“I understand how frightening it can be to be a citizen who cares about the bigger picture.”
I’VE been on my share of protest marches. Anyone who lived through the unemployment of the 1980s, the struggle for women’s equal rights, or the urgent need to have 24/7 cardiac care locally, will probably be in the same boat.
From occupying buildings under the threat of demolition to the marches in favour of divorce along the windy Quay in Waterford, there have been plenty of opportunities to join in.
They haven’t always been effective, far from it, but every so often something happens that turns people around and allows larger numbers to see the writing on the wall or reach a critical mass.
You would have to wonder how long it will take to reach this critical mass when it comes to our many flawed caring systems.
As nurses in the UK decide to go on strike, we can all see that many of our own health care staff are on their last legs facing into a winter of higher numbers which have already peaked. For nurses, is there even any alternative to striking?
Some people have never marched, protested, picketed or even spoken out about their views on the direction of our society. The critical mass group are often people in the middle ground who are open to persuasion. I think it’s always an element that a third are for you, a third are against you and the third in the middle are unsure so could go either way.
What are the best ways and means of making your voice heard and of raising awareness about fairness, action and change? I wish I knew! I rack my brains trying to think of ways to alert people to the impending climate and biodiversity crisis.
In recent years I have learned that lecturing certainly doesn’t work, objecting to destructive planning applications usually fails, and reporting broken environmental legislation is utterly hopeless. Bar chaining myself to the railings of the Dáil Éireann, I’m out of ideas!
I understand how frightening it can be to be a citizen who cares about the bigger picture; for example making a complaint about cars parked along accessible footpaths, or when there is joyriding or anti-social behaviour. In a local area, citizens are put into the position of monitoring the behaviour of friends and neighbours. Sometimes it can even be dangerous.
Should ordinary citizens have to police everyday rules and regulations? Surely that should be done on our behalf by the state and the representatives we have elected to address these issues? Yes, but because of the gaps in so many of our systems, local communities are getting on with trying to take better care of our city and our county, never mind our planet.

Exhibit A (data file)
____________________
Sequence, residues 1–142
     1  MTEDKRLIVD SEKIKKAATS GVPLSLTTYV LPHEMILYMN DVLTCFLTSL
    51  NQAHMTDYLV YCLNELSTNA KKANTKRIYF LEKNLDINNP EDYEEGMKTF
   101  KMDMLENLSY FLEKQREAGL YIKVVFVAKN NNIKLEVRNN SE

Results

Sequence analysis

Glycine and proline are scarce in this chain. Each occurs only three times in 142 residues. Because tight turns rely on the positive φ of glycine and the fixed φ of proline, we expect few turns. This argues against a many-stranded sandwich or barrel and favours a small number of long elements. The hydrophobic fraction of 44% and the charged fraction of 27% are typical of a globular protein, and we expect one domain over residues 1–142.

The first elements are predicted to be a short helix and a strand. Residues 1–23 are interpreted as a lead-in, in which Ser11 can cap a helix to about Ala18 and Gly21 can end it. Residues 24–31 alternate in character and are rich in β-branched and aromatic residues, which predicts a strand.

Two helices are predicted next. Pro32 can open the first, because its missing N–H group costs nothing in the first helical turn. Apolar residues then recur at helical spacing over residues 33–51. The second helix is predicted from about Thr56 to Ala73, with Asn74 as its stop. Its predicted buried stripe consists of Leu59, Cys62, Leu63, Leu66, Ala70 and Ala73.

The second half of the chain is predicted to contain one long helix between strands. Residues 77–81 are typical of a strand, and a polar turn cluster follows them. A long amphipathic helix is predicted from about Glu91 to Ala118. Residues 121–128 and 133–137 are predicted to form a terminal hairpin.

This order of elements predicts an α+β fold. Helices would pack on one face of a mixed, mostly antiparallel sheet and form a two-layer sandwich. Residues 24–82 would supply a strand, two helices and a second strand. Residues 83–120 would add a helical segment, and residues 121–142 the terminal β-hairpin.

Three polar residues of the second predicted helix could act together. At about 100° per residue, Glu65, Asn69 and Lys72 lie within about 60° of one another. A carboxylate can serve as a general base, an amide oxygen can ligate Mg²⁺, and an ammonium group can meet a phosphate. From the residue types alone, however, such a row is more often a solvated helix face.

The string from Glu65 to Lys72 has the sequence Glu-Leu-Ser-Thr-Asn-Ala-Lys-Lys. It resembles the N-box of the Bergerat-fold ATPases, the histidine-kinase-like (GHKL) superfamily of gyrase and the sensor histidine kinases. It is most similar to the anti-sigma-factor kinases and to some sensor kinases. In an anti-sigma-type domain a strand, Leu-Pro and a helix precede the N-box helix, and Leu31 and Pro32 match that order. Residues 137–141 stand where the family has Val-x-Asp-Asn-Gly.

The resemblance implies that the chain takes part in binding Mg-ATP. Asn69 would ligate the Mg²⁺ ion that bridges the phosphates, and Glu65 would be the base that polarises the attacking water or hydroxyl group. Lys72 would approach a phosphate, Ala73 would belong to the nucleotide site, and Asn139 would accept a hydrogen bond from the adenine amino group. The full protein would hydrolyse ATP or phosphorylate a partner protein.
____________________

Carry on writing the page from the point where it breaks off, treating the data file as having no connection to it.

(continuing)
I’ve been very impressed by the ongoing work of small, underfunded community groups who are doing this all over the county. In Family Resource Centres, Tidy Towns Committees or in groups like the Tramore Eco Group, responsibility is being taken by local people to tend and care for our world through voluntary effort.
Which brings me back to how do we put pressure on our representatives to support workers and volunteers? How should we protest the lack of support and the constant lip service to bringing about changes in how we live more sustainably?
I remember the older generations who were around at the time of the 1916 Rising talking about the horror of watching the centre of Dublin being held to ransom by a group of thugs. That’s how most of the population who were trying to go about their day to day lives viewed our present day heroes. When the GPO went up in flames, anger was turning to terror and rage. What we now celebrate was not appreciated by the vast majority.
I’m not suggesting that like the suffragettes we throw bricks through windows but when you look back, many of these more dramatic events changed attitudes and led to great changes and our independence as a country.
Activists are wringing their hands at COP. Recently, young people have been glueing themselves to motorways in the UK, throwing ketchup at precious works of art and climbing to the top of bridges threatening to stay there until they stop oil production.
But right now, I can’t see if any of this has a hope of being effective. It is far more likely to make ordinary people lose patience and drift away from supporting environmental activists.
Then I came across new research which shows that people who follow the news are suddenly searching for more information about the climate crisis.
Perhaps the tide is turning. Which one are you, the third that are tuned in already, the third that will never be, or the middle third slowly waking up?
Maybe waking up is just enough to make a difference.